Wildfires Torch California, Helped by Strong Winds and Drought
This past week several wildfires have been burning out of control in San Diego County, just north of San Diego. It is not known whether any of the fires were started intentionally or not, however, the weather has played a significant role in hampering firefighting efforts. As of Friday evening there were four wildfires burning in the county which were all over 1,000 acres in size, and only one of these four was above 25% contained. There are two main points to note of as to why weather has played such a significant role in fueling the fires.
The Santa Ana Winds are the first to have a big impact on wildfires currently burning out of control in Southern California. These winds occur when air blows towards the Pacific Ocean from the mountain ranges to the east. As the air descends the mountain sides it warms and its relative humidity decreases causing for hot and dry winds. This past week, relative humidity as low as 3% was observed by stations in southern California, coupled with winds of 50km/h, this produced prime wildfire conditions. The second reason as to why the wildfires have been difficult to contain is the current drought situation in the region. A large ridge of high pressure has been persistent over the west coast for most of this past winter and part of this spring, making precipitation difficult to come by. The drought index currently indicates that an extreme drought (second highest tier) is occurring in the region where the fires are burning. In turn, the wildfires have little trouble spreading to moisture-starved vegetation and dried out brush.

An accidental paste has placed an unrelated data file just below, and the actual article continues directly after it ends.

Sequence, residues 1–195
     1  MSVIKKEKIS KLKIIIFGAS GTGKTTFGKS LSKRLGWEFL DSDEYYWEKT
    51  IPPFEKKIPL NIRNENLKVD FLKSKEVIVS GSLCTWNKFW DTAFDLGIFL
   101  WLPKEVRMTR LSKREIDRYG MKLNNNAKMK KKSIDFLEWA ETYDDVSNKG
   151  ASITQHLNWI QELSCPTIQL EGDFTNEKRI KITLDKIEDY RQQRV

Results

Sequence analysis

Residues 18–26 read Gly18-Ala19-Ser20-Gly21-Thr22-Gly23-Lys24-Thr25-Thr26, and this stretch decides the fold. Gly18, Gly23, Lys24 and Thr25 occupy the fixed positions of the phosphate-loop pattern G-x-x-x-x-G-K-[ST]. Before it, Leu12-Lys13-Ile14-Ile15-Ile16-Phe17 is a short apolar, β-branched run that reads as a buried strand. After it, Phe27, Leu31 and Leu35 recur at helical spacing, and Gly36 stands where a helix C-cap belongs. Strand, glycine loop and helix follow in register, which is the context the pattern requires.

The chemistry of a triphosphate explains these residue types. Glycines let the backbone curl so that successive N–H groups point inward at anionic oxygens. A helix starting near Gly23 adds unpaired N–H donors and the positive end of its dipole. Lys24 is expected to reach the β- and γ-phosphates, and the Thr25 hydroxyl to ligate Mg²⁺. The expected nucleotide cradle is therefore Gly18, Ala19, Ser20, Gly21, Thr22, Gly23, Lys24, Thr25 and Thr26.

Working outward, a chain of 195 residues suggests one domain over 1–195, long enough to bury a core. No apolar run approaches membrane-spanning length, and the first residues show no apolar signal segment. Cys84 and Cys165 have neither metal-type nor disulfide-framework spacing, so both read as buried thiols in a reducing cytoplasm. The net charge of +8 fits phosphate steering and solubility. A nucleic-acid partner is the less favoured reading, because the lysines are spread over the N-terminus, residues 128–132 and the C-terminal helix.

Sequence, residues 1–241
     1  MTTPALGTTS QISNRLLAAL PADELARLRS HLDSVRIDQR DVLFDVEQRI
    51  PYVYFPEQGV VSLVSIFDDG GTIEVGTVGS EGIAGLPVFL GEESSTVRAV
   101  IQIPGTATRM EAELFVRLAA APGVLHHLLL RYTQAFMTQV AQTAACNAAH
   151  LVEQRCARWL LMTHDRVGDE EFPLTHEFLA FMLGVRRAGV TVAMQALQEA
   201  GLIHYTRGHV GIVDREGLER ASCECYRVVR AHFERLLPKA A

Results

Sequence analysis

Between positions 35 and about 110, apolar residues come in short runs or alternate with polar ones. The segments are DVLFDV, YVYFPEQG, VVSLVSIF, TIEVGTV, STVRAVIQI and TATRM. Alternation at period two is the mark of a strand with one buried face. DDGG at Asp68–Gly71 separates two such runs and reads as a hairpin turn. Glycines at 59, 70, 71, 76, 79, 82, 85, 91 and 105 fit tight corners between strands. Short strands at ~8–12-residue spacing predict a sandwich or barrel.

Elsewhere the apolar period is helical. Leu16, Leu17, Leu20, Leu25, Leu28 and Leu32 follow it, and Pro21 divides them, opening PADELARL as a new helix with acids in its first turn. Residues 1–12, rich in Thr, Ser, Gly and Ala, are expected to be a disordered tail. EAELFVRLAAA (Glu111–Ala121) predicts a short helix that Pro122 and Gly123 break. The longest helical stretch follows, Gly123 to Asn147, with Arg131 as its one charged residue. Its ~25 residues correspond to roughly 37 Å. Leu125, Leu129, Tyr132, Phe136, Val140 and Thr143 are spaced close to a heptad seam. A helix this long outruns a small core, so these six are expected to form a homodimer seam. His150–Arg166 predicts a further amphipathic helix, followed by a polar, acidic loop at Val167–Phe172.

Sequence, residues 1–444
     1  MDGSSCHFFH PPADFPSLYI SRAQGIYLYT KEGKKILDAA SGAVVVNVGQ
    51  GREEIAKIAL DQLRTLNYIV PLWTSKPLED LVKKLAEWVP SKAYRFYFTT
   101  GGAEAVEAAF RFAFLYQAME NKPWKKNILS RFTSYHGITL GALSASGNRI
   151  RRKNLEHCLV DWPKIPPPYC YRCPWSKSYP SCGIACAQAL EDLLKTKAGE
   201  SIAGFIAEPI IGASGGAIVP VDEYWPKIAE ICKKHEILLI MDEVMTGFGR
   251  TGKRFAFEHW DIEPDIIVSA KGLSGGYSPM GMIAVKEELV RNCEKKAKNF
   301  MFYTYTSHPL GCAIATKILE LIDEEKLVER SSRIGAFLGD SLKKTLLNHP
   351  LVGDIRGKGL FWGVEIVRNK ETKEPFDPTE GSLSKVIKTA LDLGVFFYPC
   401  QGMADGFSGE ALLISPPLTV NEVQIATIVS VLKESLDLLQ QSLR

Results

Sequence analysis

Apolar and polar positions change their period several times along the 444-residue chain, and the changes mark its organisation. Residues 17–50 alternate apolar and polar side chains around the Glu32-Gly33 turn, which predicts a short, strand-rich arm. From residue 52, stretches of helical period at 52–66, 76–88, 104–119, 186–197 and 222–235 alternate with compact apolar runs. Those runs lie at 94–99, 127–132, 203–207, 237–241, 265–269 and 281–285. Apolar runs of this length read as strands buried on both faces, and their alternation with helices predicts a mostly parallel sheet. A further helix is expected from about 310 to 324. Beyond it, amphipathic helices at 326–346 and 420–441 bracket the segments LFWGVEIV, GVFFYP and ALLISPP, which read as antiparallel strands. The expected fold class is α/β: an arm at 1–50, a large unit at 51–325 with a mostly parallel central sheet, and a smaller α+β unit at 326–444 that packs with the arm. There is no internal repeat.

This weekend offers a mixed-bag to firefighters. Strong winds and scorching temperatures will persist during the day, but winds will now be out of the west causing for slightly moister air coming onshore from the Pacific. Regardless, the Storm Prediction Center maintains an “elevated” fire risk for this weekend.